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Sight- and ability-based language

Avoid figurative language that refers to physical abilities when a more accurate term exists. For example, "reach out to us" is an idiomatic expression for "contact us" that implies that the reader has hands and arms for reaching out. When more precise language exists, such as "contact us," use that expression instead.

Although referring to physical abilities might not be outright offensive, using idiomatic expressions can alienate readers who do not possess these abilities. Figurative language also makes text harder to translate for localization.

The most common verb that's associated with figurative language is "to see." While blindness is associated with ignorance, seeing is often associated with knowledge and understanding. For example, "do you see my point?"

Because so much language is rooted in vision, it's impossible to avoid its use entirely. For some alternatives to common uses of sight-based language, refer to the following sections. For other uses and alternatives, refer to the Merriam-Webster Thesaurus.

See as in "to view"

When directing a reader to follow a link or access another document, use one of the following verbs:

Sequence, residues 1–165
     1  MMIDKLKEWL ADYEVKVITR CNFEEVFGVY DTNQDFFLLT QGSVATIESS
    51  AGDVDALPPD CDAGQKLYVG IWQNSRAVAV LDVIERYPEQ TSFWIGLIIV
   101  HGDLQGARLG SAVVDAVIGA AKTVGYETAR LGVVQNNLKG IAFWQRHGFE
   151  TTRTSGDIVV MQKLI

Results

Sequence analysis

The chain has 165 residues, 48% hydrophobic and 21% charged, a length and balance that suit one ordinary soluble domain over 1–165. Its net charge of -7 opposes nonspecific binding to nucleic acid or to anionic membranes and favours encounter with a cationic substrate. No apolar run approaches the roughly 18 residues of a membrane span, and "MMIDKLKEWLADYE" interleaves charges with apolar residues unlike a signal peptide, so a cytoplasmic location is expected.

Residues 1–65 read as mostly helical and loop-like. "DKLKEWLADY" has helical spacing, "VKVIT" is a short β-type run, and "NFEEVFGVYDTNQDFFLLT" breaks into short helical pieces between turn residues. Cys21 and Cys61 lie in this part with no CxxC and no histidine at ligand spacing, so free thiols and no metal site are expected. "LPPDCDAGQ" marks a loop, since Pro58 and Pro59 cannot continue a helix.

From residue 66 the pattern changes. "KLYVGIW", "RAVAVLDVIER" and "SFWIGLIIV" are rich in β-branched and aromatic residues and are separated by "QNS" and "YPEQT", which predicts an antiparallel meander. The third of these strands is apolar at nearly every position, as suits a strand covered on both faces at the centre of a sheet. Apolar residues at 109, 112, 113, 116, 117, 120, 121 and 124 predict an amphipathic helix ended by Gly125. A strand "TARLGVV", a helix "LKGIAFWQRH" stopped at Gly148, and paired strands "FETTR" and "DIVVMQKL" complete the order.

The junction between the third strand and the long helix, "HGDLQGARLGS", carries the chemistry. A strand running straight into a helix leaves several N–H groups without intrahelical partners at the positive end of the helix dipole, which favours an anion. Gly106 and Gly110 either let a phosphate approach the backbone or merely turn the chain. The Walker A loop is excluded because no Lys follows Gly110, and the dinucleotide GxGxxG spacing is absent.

• Check
  • Refer to
  • Access
  • Visit
For more information, see...For more information, refer to...
See this page for examples.Visit this page for examples.
To see your analytics, open this menu.To access your analytics, open this menu.
For the latest updates, see the Changelog.For the latest updates, check the Changelog.
See also: <glossary terms>Related content: <glossary terms>

See as in "to realize"

When directing a reader to learn new information or observe a difference, use one of the following verbs:

  • Realize
  • Determine
  • Learn about
  • Note
To see what the cause of the error is...To determine the cause of the error...
To see the latest updates...To learn about the latest updates...
See the difference in output between the two render pipelines.Note the difference in output between the two render pipelines.
I see what you're trying to say.I realize what you're trying to say.

See as in "to encounter"

When describing any errors, states, or circumstances that a reader might encounter, use one of the following verbs:

  • Encounter
  • Find
  • Experience
If you see errors in your code...If you encounter errors in your code...
You might see increased load times.You might experience increased load times.
Report any problems you see to your quality specialist.Report any problems you find to your quality specialist.

See as in "to know"

Avoid using the verb "see" when referring to knowing or understanding.

The benefits of this feature can be clearly seen.The benefits of this feature are well-known.
I see the importance of establishing a feedback mechanism.I understand the importance of establishing a feedback mechanism.